Astronomy Seminar: Characterizing emblematic low-mass stellar and substellar binaries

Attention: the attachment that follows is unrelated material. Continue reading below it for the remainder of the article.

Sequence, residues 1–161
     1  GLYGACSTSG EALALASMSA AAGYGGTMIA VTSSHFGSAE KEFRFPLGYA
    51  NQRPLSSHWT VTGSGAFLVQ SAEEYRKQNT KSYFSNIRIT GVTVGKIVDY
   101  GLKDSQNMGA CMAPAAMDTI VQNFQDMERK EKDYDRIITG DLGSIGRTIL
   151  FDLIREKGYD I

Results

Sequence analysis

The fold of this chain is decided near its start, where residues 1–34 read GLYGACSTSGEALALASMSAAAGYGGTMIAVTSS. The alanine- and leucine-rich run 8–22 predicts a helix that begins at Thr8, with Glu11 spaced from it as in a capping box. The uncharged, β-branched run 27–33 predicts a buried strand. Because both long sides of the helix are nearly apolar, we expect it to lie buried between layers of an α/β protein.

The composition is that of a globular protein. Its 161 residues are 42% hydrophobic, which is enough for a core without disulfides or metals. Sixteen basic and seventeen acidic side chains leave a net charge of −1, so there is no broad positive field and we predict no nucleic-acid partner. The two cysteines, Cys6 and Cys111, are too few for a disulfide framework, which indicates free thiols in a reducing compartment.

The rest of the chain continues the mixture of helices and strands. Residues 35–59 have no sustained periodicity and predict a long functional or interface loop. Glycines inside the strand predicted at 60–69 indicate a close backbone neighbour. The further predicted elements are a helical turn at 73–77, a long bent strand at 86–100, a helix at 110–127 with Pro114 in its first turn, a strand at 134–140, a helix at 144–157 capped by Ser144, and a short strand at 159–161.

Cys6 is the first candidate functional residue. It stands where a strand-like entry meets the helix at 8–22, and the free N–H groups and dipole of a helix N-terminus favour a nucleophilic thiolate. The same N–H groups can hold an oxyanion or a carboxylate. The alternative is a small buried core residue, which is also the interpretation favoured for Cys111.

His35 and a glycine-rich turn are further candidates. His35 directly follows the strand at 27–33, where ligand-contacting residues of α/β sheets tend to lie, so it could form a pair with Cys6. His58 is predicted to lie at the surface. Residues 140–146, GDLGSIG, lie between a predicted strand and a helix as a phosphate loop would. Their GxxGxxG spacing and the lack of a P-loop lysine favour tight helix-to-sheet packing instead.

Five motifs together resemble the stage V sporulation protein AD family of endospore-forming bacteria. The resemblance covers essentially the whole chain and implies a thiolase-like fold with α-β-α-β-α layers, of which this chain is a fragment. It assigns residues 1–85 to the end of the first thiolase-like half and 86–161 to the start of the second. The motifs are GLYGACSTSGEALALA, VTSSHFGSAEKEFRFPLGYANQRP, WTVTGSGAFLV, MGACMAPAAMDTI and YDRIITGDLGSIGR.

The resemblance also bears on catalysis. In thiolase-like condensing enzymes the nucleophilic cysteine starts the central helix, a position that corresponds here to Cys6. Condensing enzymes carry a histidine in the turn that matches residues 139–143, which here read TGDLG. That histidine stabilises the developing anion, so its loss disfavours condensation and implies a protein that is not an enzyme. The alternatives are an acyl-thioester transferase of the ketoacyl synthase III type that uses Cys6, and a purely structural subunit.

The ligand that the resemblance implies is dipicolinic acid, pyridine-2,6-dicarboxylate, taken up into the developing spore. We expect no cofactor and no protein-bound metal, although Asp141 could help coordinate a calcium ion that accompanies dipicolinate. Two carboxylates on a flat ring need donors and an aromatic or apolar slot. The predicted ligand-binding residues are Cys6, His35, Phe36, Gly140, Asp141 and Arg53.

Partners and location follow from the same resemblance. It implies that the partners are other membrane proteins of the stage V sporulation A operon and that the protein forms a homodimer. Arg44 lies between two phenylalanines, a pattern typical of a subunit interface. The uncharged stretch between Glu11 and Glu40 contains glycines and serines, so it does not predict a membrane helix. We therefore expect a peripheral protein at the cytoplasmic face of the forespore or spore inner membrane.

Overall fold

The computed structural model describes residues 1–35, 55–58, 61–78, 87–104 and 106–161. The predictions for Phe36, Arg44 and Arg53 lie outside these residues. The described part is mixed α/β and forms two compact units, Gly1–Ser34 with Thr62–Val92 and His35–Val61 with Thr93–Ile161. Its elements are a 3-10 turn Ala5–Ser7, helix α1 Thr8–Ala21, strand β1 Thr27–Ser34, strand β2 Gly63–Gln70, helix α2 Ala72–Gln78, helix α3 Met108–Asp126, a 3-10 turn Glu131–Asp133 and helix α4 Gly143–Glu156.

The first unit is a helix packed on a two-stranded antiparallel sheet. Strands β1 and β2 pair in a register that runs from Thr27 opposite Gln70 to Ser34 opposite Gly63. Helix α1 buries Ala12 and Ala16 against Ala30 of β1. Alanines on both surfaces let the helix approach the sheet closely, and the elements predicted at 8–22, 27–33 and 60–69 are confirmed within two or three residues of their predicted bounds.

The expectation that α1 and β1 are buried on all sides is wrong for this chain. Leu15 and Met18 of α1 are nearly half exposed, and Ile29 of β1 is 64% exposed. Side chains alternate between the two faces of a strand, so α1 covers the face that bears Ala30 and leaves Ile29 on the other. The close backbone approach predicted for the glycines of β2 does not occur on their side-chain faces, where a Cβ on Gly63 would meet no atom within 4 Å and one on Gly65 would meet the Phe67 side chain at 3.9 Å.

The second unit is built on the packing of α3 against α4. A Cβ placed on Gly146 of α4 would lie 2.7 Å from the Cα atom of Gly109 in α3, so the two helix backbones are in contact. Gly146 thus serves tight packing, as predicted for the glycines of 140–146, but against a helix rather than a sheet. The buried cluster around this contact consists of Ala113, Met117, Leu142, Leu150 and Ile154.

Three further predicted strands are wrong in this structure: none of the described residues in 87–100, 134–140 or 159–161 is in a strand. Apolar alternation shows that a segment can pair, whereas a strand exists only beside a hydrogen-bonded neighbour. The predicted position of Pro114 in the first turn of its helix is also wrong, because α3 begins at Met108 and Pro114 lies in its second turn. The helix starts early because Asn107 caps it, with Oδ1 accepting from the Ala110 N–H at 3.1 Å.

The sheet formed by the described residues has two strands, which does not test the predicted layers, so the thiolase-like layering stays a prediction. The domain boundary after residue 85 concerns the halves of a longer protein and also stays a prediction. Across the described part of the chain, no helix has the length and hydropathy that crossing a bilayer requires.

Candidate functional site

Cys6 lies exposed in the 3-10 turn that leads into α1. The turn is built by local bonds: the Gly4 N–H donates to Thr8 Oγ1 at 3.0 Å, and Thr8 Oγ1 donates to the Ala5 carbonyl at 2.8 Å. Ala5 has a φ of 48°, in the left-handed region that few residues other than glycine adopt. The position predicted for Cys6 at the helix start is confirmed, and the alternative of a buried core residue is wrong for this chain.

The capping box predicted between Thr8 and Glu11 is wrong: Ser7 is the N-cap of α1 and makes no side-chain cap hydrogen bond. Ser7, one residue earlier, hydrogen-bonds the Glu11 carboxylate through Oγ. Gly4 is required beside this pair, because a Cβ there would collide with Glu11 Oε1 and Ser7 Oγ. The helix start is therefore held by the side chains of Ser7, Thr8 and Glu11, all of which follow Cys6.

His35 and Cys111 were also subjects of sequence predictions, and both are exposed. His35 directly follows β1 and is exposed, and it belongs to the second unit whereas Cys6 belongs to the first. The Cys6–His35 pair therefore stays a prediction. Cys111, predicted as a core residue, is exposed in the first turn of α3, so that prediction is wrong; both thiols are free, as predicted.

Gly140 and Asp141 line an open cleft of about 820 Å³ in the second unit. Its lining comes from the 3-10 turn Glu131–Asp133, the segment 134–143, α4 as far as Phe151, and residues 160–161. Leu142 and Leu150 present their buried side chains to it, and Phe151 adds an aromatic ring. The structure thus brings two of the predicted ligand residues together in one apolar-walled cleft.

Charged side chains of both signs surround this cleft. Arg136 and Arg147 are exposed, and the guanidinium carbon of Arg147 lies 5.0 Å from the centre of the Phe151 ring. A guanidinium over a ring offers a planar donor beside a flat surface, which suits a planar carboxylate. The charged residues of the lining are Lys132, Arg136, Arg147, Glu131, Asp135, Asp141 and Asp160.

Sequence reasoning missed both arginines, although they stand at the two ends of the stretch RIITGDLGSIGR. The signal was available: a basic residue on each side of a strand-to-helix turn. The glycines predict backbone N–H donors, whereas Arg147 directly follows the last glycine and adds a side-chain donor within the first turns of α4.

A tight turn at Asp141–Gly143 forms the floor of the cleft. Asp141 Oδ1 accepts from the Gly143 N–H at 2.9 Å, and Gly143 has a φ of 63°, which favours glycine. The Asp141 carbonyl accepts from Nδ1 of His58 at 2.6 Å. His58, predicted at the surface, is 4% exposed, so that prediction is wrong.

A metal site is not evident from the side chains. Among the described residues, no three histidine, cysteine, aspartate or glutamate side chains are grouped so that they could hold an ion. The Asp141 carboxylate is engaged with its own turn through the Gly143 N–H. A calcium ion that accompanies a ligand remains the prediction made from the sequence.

Multiplicity is one of the foremost diagnostics for the formation processes of brown dwarfs, and thus low-mass substellar binaries lie at the nexus of astronomical interests, representing the youngest products of star formation at the very lowest masses, and at the same time serve as analogues to directly imaged giant planets. Due to the lack of a statistical significant sample readily available, multiplicity is poorly constrained at the lowest stellar and substellar mass-regimes, which in turn has consequences for theoretical evolutionary models to fail to accurately predict masses from measured luminosities. By monitoring visual low-mass binaries over longer periods of time, applying precise astrometry, and employing high-contrast imaging techniques, we are able to identify and characterize several new benchmark binary and higher hierarchical systems, constraining their ages, brightnesses and masses, which can be used to calibrate said evolutionary models. The detection of these systems also allow us place constraints on the multiplicity frequency for young brown dwarfs, which compared to the older field population provides insight to their formation mechanisms and dynamical evolution.